While Preston’s birth didn’t happen exactly how I had planned, my recovery was better than I could have imagined. It felt great to be able to care for my baby and visit with friends and family just hours after the birth. I remember sitting on the hospital bed the day after he was born eating a delicious plate of lasagna a friend brought over being overwhelmed with how easy everything was compared to my first Cesarean where it took several weeks to feel anything remotely like myself. I took this selfie and sent it to my sister-in-law at about 8 p.m. before we got ready for bed, proud that I was happy and nursing.
Sometime around midnight, Preston started fussing, and I brought him into the bed to nurse. A few minutes later, I felt something change inside my body. I could quite literally feel that something had snapped inside of me. Seconds later, I was overcome with pain and woke my husband up saying, “Take the baby to the nursery.”
Brian gave me a bewildered look as this demand was so out of character for me. Just the day before I insisted that his mom follow the baby to get his first bath with strict instructions never to let him leave her sight. I also made a fuss about doing the newborn exam in our room and wouldn’t let the nurses take him for their nightly weight checks. I can actually count on both hands the number of people who ever held my daughter during her first year. I like to keep my babies close to my heart.
The pain sent my body into auto-pilot, and I knew there was no option but to send the baby to the nursery so that I could take care of myself. I didn’t have a second thought or ounce of hesitation even when Brian told me the baby was hungry and they needed me to feed him or give him formula. I nursed my daughter for 26 months and aimed to avoid formula at all costs, but in this moment the words, “Give him formula” passed easily through my lips.
Once the baby was settled, I tried to rest, but kept feeling like I needed to go to the bathroom. My nurse told me that I probably had gas. I admitted that I had gone against the protocol of a clear diet and eaten lasagna a few hours earlier, which convinced the nurses that once I passed gas or had a bowel movement, my pain would resolve. For the next few hours I made my way between the bed and the bathroom with a writhing pain in my abdomen. Dr. Google confirmed that gas pains were a common side effect after surgeries and the symptoms lined up pretty well with what I felt. It felt like the worst stomachache I could imagine with the pain always present but surging in waves almost like contractions.
While I was making my back and forth trips to the bathroom, praying for the gas to move and pass, there was growing concern among the nurses about Preston’s breathing. Earlier in the day, Brian and I noticed that he was shaking quite a bit and something didn’t seem right when the baby was at rest. We asked the nurse to take a look and test his blood sugar levels again as he was a big baby making him prone to have trouble regulating his blood sugar. Everything came back normal, and it wasn’t until the nurses were sitting with him in the nursery that they noticed he was breathing rapidly, even at rest.
When Preston’s breathing became an issue, I sent Brian to be with him. I was left in my room, alone, wondering how in the world I was going to get past this. At about 3 a.m. I called my mom, who thankfully after so many years as a doula and midwife answers her phone fully functional even in the middle of the night. All I had to say was “I need you to come to the hospital” and she was on her way.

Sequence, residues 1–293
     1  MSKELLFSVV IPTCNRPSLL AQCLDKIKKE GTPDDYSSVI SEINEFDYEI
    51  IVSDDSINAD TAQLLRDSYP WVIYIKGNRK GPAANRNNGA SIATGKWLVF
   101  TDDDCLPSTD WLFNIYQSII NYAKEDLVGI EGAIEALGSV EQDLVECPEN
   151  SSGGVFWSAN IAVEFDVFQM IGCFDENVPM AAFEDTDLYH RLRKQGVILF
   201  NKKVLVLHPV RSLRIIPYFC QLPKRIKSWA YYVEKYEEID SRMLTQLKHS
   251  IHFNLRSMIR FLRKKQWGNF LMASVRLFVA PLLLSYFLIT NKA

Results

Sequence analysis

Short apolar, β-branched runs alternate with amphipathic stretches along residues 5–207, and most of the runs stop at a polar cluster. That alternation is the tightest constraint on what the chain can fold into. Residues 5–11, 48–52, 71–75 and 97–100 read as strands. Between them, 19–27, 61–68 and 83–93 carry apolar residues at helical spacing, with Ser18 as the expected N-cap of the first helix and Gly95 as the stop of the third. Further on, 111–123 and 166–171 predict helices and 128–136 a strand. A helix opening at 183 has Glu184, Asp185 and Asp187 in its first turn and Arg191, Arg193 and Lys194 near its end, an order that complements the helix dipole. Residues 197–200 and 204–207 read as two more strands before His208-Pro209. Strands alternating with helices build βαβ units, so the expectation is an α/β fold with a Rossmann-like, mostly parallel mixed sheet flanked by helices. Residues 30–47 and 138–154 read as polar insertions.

During the time I waited for my mom to arrive, I began to realize that my problem was not gas trapped in my digestive system. My body and mind started wandering. I lost my focus and could no longer hold a conversation. Many times, I was sitting on the toilet and would accidentally pull the string to call for help, but when the nurse got there, I couldn’t tell her what I needed. The nurses became increasingly annoyed that they kept having to come in my room. I was given several doses of milk of magnesia, Reglan and suppositories to help move the gas along, yet nothing was working. What began as an intense pain, was now consuming me.
My mom got to the hospital to find me alternating between resting on the bed and trying to go to the bathroom. One moment I was walking to the bathroom and the next moment I saw feet. So many feet. And lots of yelling. There was so much commotion and I couldn’t understand why I was seeing all of those feet. “Do you know where you are?” Yes, in the hospital. “Do you know your name?” Yes, why are you asking stupid questions?
My husband tells me that he was in the nursery when he heard a code called out with our room number over the PA system. The nurse looked at him and told him that it was serious and he better get to the room quickly because he would probably be kicked out. He says he got to my room just as a large, brawny male nurse picked up all of the furniture in the room and threw it in the hallway to make room for the medical team. He says I was pale, white, cold and sweating profusely and he stayed on the floor by my side trying to talk to me and keep me awake until the staff kicked him out.
My mom remembers walking me to the bathroom and seeing me faint and collapse into her arms and onto the floor. I opened my eyes laying there on the hospital floor and felt stunned. The pain had subsided among the hustle and bustle happening in the room as someone tried to get an IV in my uncooperative veins, a very loud, bossy woman shouted orders about which tests to run, and nurses took turns mashing on my uterus and checking for bleeding.
As the pain overtook me again, I had to hope and pray that these medical professionals could figure out what was happening inside my body. I laid on my left side, which felt the most comfortable, while I was stabilized further. My eyes drifted shut, and I felt so sleepy. My already typically low blood pressure continued dropping. They kept telling me, “Open your eyes. You can’t go to sleep.” I chatted with the nurse who was there to keep me awake, while the rest of the crew finished up there duties.
Just as I was stabilized, Preston was admitted to the neonatal intensive care unit because his breathing was consistently faster than it should have been. The on-call doctor from the NICU came to go over the admitting procedures and initial tests they wanted to run. I spent a few breaths of my own energy on debating the need for a spinal tap before delegating all of the decisions to my husband. I couldn’t focus due to the pain and was in no position to make decisions for my baby.
At 5 a.m. the on-call OB/GYN made her rounds and came to visit me. She saw that I was in pain and massaged my uterus and checked my bleeding, but didn’t notice anything out of the ordinary. My doctor came to see me at about 5:30 a.m. and ordered another round of blood tests and said we’d wait for this results before deciding on the next move.